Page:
Oh, and I thought Big Band Beat was a better show than the Power of BLAST, which I didn't really find all that captivating.
    ~ Tokyo DisneySea’s Arabian Coast at nighttime ~


  13. #13

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    Re: 11/8: Where Dreams Are True, Pt. II

    I'm very much looking forward to your book Kevin. I don't know if a trip to Tokyo will ever happen for my family but right now the thought of even trying without going with someone who's been there before is quite scary. So your book could be a lifesend. Like you said, I don't want one with tons of options, I want one telling me the simplest way to get around and through the parks and back home safely. After I've done that then I may start thinking of other options.

  14. #14

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    Re: 11/8: Where Dreams Are True, Pt. II

    Quote Originally Posted by Wren View Post
    I'm all for transplanting DCA with TDS. Now to find a crane large enough...

    Great Column Kevin. So what was the oddest popcorn flavor there?
    I'm such a nerd, I actually wrote down the flavors as we passed them. At Tokyo Disneyland, I’ve seen curry, honey, chocolate, caramel, and soda. At Tokyo DisneySea, varieties include strawberry, black pepper, cappuccino, chocolate, sea salt, and coconut.

    I didn't try all of them. Apparently, curry is the best (it also had the longest line).
    Kevin Yee
    MiceAge Columnist

    I am the author of several Disney books:
    Jason's Disneyland Almanac - a daily history of Disneyland
    Walt Disney World Hidden History - tributes, homages, and ride remnants at WDW
    Your Day at the Magic Kingdom
    Mouse Trap
    Tokyo Disney Made Easy
    101 Things You Never Knew About Disneyland
    Magic Quizdom (The Disneyland Trivia Book)

    “The press [should be] a watchdog. Not an attack dog. Not a lapdog. A watchdog. Now, a watchdog can't be right all the time. He doesn't bark only when he sees or smells something that's dangerous. A good watchdog barks at things that are suspicious.” – Dan Rather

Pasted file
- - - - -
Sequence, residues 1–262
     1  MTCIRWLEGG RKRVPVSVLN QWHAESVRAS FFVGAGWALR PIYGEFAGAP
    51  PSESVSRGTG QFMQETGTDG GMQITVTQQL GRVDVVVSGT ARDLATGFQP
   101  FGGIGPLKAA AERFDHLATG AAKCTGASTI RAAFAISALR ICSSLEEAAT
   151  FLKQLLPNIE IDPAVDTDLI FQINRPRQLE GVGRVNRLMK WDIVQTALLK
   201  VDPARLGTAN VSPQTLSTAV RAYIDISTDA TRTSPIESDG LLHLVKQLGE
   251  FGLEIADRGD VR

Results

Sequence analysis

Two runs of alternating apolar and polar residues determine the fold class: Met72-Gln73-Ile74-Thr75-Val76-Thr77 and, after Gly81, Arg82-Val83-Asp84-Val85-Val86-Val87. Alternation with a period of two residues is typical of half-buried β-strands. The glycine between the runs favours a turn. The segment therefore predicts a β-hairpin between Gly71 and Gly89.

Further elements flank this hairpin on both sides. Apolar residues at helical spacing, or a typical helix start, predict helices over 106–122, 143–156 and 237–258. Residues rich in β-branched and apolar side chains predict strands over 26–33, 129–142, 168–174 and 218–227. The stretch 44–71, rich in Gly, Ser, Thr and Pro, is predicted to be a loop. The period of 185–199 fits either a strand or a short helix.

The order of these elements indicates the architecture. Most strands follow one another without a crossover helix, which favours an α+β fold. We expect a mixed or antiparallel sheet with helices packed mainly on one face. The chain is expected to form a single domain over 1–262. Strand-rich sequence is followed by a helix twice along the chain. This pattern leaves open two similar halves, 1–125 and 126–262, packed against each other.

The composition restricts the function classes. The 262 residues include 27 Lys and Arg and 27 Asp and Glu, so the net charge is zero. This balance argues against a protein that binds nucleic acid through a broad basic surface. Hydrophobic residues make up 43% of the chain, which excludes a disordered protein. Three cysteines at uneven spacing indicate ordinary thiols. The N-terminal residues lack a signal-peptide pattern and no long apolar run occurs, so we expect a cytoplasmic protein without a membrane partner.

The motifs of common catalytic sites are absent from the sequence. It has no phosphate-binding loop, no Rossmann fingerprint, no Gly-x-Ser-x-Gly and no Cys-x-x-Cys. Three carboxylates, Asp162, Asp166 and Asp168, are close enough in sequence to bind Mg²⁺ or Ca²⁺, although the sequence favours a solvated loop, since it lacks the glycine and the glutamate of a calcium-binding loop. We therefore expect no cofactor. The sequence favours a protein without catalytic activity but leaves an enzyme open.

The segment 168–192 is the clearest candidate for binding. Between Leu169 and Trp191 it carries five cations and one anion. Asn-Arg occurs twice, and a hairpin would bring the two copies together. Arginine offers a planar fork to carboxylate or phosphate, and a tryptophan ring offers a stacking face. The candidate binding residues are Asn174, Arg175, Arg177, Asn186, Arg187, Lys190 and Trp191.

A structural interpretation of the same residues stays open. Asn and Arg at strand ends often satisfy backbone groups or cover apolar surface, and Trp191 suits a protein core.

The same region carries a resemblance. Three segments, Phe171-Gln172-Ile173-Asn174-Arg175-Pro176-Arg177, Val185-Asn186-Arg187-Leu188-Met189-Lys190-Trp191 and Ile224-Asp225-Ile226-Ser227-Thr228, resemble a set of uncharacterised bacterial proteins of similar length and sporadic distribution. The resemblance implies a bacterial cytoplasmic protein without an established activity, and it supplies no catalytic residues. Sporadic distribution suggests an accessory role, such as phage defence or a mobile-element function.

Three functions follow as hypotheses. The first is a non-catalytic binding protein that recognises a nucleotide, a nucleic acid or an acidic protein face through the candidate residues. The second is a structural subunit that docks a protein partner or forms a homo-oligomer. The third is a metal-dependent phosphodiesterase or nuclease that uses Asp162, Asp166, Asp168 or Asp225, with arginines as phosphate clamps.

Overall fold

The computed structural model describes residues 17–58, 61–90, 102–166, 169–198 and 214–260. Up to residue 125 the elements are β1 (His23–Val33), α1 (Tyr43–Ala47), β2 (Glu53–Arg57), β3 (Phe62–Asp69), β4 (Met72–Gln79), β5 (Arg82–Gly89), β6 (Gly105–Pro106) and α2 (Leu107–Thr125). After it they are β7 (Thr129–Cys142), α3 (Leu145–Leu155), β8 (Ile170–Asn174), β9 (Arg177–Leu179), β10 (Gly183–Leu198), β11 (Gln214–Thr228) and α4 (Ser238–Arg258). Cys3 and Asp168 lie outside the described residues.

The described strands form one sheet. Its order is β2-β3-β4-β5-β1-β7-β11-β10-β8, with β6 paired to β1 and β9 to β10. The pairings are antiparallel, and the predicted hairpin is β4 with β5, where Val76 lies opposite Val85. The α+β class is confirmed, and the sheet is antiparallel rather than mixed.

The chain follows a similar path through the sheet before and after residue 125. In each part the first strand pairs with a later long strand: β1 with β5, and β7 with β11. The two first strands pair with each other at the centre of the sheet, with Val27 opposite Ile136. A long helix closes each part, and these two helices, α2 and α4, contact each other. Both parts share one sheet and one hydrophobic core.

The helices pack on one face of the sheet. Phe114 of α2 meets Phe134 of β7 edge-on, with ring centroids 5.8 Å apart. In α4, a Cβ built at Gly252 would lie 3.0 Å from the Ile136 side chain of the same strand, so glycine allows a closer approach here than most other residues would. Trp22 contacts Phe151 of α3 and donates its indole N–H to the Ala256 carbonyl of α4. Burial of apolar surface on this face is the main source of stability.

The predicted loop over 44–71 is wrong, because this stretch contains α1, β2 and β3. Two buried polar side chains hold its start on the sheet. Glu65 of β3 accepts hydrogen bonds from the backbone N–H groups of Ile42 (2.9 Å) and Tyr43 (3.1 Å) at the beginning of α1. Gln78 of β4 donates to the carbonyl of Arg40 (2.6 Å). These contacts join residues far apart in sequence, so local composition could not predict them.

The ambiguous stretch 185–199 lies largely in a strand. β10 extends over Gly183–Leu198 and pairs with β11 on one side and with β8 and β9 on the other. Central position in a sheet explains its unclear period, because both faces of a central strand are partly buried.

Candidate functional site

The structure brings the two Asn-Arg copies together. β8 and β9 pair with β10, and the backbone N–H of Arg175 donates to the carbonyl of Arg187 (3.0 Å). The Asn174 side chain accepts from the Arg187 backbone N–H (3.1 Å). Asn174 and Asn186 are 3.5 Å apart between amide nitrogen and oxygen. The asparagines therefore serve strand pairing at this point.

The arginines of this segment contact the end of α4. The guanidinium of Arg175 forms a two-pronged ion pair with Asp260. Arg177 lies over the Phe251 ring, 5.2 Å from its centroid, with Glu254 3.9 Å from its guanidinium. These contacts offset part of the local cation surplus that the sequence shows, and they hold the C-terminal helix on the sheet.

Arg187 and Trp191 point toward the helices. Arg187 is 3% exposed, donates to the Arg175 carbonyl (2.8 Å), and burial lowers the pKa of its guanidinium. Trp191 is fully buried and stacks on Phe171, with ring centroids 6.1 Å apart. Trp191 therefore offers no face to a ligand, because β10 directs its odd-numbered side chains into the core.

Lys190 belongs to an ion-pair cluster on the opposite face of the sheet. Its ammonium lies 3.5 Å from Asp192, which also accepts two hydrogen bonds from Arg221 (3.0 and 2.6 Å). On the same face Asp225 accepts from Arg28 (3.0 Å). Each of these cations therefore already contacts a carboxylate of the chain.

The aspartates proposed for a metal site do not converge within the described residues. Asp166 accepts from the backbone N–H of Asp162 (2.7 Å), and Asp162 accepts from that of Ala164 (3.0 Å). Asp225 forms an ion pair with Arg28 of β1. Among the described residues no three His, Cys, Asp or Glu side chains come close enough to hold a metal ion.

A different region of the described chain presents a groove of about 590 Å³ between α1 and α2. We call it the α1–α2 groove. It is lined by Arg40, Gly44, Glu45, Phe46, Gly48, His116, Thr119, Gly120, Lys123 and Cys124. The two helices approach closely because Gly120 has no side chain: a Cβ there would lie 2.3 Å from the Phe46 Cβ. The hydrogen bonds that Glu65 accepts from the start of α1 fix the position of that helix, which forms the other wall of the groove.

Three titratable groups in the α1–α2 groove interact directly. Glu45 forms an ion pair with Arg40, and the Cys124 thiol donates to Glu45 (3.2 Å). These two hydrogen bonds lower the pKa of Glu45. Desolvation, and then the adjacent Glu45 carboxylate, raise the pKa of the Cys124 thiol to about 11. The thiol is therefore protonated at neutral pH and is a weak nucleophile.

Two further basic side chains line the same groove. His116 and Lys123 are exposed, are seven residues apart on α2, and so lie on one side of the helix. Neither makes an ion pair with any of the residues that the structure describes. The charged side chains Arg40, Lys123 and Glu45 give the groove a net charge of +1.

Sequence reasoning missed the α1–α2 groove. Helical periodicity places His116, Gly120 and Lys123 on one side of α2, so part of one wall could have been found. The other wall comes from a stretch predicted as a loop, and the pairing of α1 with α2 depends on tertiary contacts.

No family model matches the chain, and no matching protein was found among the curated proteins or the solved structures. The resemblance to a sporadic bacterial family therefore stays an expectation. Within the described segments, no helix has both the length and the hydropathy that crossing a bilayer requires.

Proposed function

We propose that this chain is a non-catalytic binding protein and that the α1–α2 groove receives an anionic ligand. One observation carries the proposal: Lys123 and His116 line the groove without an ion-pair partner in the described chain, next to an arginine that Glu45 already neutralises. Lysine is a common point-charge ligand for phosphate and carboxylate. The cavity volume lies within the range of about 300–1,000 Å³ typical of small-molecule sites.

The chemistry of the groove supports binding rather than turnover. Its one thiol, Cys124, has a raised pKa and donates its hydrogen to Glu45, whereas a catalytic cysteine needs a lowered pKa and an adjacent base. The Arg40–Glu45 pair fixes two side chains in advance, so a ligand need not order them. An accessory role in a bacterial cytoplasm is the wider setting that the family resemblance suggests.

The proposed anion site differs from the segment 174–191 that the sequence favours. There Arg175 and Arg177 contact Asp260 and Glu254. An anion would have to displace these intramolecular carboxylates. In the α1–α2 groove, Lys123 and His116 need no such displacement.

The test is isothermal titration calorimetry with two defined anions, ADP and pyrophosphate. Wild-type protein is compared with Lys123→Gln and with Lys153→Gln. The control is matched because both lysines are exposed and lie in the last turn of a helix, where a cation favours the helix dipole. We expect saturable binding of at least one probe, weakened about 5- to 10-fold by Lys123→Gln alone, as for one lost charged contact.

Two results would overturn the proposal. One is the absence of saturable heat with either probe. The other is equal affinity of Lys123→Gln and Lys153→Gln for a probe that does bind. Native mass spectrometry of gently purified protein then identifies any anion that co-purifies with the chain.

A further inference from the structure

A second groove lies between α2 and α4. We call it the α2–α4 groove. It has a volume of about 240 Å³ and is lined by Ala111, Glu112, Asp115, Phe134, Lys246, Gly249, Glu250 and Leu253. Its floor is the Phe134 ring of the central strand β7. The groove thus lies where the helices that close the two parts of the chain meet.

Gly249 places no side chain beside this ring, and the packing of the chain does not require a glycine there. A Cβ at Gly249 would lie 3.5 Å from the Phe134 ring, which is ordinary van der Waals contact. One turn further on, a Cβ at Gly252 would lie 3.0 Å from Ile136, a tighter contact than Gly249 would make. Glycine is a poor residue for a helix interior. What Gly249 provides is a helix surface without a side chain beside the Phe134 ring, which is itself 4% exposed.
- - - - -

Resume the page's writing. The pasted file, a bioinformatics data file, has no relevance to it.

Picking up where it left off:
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    Re: 11/8: Where Dreams Are True, Pt. II

    Raging Spirits was indeed more themed than DLP's Indy coaster. And I can't say the ride was a waste of my 1.5 minutes (the amount of time it took to stand in the single rider line). But if I had to wait in the 65-minute standby line, I'd have come out 'postal', looking like Mickey's Runaway Brain.
    Kevin Yee
    MiceAge Columnist

    I am the author of several Disney books:
    Jason's Disneyland Almanac - a daily history of Disneyland
    Walt Disney World Hidden History - tributes, homages, and ride remnants at WDW
    Your Day at the Magic Kingdom
    Mouse Trap
    Tokyo Disney Made Easy
    101 Things You Never Knew About Disneyland
    Magic Quizdom (The Disneyland Trivia Book)

    “The press [should be] a watchdog. Not an attack dog. Not a lapdog. A watchdog. Now, a watchdog can't be right all the time. He doesn't bark only when he sees or smells something that's dangerous. A good watchdog barks at things that are suspicious.” – Dan Rather